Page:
Review Feature

The art of raising babies

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WARNING: When you are expecting your first child, every friend, relative and total stranger you encounter will have baby-raising information to share or advice to offer.

Do not believe a word of it.

What you will be told contains approximately the same fact content as a supermarket tabloid story headlined, "Bush Says Something Really Nice About Clinton Administration."

Here are just a few of the myths, exaggerations and outright lies you can expect to hear:

"HAVING A PUPPY IS GOOD PRACTICE FOR HAVING A BABY."

Get outta here. I have yet to meet an infant who will consistently use the newspaper you've thoughtfully spread out on the floor. And I've yet to meet a neighbor who fails to arch at least one eyebrow when you say, "We're going away for the weekend ... would you mind filling the baby's water bowl once or twice?" (It can be said, however, that when you drop food on the floor, both puppies and babies will eat it.)

"CHILDBIRTH IS THE MOST NATURAL THING IN THE WORLD."

There is a degree of truth to this one if your definition of "natural" encompasses sweaty, miserable women who scream obscenities at their husbands while begging for the strongest pain-killing drugs known to medical science as their bodies threaten to recreate the final moments of the Hindenberg.

"NAP WHEN YOUR BABY NAPS."

Yes, it certainly sounds good on paper. But 1.) if you nap when baby naps you won't get anything done ever for the rest of your life, since wide-awake babies demand constant attention, and 2.) babies stop napping and start demanding attention the very millisecond they hear your eyelids slam shut.

Little-known fact: Babies possess a sense of hearing that is almost as keen as their ability to track down the most disgusting items imaginable to put in their mouths. Their hearing remains sharply acute until they become teenagers, at which point they will not hear anything you say until they reach their mid-30s.

"BABIES AREN'T EXPENSIVE."

Yeah, right. If your wealthiest relative was a baby-products magnate who died and left you a fortune in maternity clothes, cribs, strollers, high chairs, car seats, diapers, diaper rash ointment, pacifiers, cotton swabs, toys, mobiles, babysitters, baby bottles, baby powder, baby lotion, baby formula, baby blankets, baby clothes and more Kodak film than is sold at the Grand Canyon during peak tourist season.

"SPARE THE ROD, SPOIL THE CHILD."

This is dangerous and outdated thinking. Besides, as most Moms and Dads discover early on, spoiling your offspring is one of parenting's greatest pleasures. Of course, when you've finished, no one will want anything to do with the overly-pampered little monster ... but that just means more hugs and kisses for you.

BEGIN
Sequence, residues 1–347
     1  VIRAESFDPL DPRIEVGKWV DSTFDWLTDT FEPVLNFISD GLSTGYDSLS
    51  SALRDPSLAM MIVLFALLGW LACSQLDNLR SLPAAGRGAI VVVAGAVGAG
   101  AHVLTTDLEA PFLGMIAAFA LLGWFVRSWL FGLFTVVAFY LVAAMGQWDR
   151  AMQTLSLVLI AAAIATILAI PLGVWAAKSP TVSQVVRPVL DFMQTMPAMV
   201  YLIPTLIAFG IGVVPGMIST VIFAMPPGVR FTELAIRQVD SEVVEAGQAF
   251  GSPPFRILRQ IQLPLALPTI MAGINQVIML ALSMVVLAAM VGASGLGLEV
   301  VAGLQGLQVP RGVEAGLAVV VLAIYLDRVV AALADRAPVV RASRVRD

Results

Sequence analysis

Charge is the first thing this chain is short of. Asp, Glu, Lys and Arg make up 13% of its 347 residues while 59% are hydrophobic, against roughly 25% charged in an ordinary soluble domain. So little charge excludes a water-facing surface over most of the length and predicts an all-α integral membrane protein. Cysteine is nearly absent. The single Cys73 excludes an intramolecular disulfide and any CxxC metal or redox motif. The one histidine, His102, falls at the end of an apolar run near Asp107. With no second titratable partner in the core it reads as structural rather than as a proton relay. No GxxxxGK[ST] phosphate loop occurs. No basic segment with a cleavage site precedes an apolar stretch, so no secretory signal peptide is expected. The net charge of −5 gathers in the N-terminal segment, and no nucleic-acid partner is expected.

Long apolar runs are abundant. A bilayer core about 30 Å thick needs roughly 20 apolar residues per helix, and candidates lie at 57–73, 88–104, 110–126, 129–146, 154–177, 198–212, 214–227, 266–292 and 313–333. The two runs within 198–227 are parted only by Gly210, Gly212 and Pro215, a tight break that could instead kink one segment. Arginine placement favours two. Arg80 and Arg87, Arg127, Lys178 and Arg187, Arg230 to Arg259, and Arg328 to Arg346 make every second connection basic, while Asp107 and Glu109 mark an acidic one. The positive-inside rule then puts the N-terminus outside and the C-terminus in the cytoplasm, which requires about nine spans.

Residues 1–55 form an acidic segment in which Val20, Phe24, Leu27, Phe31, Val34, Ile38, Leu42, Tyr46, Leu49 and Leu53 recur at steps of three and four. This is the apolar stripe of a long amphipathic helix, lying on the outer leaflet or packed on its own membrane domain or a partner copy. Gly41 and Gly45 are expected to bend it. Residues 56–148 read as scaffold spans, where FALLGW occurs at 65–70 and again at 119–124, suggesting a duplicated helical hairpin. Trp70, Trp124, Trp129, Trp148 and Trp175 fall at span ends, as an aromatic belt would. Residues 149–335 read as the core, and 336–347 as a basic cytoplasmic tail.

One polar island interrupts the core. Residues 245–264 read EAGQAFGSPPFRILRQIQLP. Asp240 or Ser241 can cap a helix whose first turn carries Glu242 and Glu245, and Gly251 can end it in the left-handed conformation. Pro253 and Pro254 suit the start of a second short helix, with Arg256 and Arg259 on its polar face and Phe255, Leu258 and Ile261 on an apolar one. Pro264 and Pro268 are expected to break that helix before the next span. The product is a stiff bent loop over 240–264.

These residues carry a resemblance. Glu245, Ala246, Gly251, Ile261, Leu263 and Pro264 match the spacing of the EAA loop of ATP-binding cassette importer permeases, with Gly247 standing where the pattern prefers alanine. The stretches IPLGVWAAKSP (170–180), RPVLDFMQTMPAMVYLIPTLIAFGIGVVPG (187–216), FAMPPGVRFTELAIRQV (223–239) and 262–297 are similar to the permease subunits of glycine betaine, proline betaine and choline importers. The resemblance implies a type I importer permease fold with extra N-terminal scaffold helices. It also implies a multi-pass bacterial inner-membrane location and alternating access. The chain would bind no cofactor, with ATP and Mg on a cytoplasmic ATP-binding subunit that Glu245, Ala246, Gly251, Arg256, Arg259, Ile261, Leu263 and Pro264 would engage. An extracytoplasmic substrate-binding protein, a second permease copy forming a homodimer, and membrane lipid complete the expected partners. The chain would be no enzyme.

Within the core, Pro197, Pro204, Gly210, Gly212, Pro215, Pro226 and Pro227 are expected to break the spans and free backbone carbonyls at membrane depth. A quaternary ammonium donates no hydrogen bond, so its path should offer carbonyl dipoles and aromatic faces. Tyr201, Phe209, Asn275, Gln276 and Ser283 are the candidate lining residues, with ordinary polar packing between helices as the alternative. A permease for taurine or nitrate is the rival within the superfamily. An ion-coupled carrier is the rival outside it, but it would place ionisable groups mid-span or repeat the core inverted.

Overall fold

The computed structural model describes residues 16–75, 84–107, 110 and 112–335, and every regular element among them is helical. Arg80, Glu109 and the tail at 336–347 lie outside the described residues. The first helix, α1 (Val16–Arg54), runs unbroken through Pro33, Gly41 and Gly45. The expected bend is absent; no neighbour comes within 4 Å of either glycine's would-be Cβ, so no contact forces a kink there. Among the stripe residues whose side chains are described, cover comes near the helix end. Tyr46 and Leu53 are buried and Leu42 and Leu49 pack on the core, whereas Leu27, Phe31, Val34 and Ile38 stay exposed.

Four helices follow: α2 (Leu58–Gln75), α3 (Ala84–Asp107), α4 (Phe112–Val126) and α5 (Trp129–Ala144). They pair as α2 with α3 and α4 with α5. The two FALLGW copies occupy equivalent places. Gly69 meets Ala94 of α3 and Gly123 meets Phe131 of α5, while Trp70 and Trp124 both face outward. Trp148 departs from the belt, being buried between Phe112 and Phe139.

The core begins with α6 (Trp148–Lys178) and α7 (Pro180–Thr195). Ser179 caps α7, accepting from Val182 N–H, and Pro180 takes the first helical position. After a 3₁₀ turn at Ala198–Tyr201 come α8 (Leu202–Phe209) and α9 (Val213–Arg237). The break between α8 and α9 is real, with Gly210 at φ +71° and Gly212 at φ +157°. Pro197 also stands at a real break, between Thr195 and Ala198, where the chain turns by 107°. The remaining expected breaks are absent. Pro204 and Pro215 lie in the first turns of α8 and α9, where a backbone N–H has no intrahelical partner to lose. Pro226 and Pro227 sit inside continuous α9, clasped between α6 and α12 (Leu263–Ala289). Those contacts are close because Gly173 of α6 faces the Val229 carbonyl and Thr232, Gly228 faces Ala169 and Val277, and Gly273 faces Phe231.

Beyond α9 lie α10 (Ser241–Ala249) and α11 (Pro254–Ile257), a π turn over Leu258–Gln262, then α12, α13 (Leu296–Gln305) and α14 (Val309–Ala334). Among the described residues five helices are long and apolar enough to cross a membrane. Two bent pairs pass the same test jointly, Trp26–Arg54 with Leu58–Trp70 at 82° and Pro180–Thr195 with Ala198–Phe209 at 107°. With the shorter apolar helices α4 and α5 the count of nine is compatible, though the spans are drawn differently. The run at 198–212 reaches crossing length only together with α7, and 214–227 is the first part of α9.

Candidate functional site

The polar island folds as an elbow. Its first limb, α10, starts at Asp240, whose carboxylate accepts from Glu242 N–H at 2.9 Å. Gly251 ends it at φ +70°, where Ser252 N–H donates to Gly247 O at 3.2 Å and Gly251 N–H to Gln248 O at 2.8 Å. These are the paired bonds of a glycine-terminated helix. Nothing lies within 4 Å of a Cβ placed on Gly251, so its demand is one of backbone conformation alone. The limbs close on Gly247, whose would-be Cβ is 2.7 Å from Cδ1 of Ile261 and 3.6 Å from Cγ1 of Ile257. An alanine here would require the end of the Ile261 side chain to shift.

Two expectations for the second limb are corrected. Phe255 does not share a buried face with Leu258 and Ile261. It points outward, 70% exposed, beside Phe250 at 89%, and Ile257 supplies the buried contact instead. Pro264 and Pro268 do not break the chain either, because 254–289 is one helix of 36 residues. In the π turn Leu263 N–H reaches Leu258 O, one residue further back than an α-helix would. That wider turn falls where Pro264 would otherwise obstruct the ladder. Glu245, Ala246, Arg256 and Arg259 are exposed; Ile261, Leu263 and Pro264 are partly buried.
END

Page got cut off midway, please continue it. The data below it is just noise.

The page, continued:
"IT'S JUST AS EASY TO RAISE TWO KIDS AS IT IS TO RAISE ONE."

Ha ha ha ha ha ha ha ha ha ha ha ha ha. I can't believe I actually fell for this one. The lunatic who coined this fantasy obviously meant to say, "It's just as easy to raise two goldfish as it is to raise one," but was so rattled by the difficulties of multiple child-rearing he confused his own offspring with aquatic pets.

"GIRLS ARE EASIER TO RAISE THAN BOYS."

My son is afraid of heights. My daughter thinks the elastic band in her underwear was put there to facilitate bungee jumping off the roof of our house. Case closed.

"BOYS ARE EASIER TO RAISE THAN GIRLS."

My daughter thinks of her big brother as a god. My son thinks of his little sister as an evil robotic super-villian from the planet Flezix who must be destroyed at all costs. Case closed.

"BOYS AND GIRLS ARE EQUALLY EASY TO RAISE."

My son believes that his parents were put on Earth to be his personal, full-time servants. My daughter believes her parents were put on Earth to be her personal, full-time slaves. Case closed.

"YOU CAN TELL IN INFANCY HOW BRIGHT A CHILD IS LIKELY TO BE LATER ON IN LIFE."

Scientific researchers have examined this notion by conducting studies in which the same children were tested from the first weeks of life into adulthood.

In every single case, the babies were stumped by the question, "How are you today?" But once they had matured into adults, each responded to the identical query with, "Fine, thanks, how are you?"

Case closed.

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